> menu of all available tracks, I suggest embedding the information using the
> data-* attributes or similar. Since the information can easily get out of
> sync with the actual resource when markup is copied around, I wouldn't be
> willing to rely on any such markup for the browser native controls or
> context menus. Native controls that get their information directly from the
> resource and an API to expose track information for scripted controls is the
> way to do, in my opinion. Getting the information would be done as a part of
> reaching HAVE_METADATA and I really don't think this will add noticeably to
> load time.

This is a bit dismissive of the actual issues. I hope we will make an
informed decision when we say we don't want to expose the track
structure in the browser, but only have a javascript API to the track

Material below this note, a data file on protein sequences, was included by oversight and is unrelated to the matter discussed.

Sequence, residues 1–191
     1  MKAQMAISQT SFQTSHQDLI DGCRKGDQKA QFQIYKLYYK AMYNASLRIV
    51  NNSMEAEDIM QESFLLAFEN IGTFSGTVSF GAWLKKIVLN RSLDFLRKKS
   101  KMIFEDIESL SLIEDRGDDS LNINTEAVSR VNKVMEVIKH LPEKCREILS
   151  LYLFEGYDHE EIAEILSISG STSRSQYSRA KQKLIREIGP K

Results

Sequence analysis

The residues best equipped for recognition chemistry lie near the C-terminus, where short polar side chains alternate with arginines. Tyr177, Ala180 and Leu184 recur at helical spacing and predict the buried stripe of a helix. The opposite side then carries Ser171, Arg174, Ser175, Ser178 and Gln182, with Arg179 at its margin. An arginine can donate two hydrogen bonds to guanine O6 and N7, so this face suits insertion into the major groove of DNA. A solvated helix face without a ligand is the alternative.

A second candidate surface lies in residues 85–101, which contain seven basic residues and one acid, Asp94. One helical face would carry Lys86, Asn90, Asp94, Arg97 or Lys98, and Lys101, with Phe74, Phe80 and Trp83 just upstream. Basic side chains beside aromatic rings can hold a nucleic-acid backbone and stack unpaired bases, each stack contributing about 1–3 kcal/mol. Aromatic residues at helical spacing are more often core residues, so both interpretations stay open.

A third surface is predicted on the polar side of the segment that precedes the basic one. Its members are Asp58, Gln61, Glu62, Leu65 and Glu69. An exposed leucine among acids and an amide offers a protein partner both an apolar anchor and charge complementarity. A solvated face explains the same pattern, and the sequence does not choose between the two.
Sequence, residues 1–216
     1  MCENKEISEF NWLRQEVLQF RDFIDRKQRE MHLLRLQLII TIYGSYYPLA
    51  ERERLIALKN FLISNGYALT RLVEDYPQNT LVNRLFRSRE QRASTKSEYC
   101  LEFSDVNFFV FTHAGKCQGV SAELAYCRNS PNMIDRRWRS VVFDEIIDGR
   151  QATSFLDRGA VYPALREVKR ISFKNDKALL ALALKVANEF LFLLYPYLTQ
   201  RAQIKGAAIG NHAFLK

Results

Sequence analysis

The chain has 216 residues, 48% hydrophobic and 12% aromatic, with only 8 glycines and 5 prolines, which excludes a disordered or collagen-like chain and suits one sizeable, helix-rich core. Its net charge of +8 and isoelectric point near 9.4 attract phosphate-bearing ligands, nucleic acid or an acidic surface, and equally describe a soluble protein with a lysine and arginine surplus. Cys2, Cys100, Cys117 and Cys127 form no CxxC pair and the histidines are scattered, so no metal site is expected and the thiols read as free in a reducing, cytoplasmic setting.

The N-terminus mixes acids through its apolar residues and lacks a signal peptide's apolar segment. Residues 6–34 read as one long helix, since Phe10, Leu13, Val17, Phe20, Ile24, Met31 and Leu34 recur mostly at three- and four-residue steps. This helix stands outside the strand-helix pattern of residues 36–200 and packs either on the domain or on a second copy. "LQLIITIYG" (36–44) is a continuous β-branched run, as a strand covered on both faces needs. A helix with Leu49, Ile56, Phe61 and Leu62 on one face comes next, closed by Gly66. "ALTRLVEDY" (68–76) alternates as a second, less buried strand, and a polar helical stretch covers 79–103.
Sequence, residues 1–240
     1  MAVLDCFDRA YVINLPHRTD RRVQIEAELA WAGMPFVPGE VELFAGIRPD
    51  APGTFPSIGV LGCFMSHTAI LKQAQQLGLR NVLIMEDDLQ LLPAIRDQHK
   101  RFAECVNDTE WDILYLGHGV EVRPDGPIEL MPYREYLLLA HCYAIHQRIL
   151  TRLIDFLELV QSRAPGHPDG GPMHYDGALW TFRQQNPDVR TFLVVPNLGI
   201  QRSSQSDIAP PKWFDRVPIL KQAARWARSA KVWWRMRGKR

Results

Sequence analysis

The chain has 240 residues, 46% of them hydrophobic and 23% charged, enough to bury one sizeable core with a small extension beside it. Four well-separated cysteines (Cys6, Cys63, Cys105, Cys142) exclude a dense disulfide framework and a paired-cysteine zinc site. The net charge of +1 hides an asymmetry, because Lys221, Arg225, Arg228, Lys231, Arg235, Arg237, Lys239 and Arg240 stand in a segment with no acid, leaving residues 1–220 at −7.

We need to be aware that delays and bandwidth implications that we introduce.

We had the discussion over on public-html that for pages that have
many videos on them, we will want to avoid having to preload anything
(not even go to HAVE_METADATA). Assume a page with hundreds of videos
which all have @preload="none" and now you're trying to build the menu
for displaying which subtitles are available. If we do not have
explicit markup, we either cannot display that menu or we have to
actually preload the metadata for each video and thus ignore the

I think *not* displaying a menu is inacceptable, since it is a huge
loss to accessibility. How would a deaf person find out whether it is
worth their while clicking on a video for playback without a menu?
(Note that "menu" is here used in the YouTube sense where there is an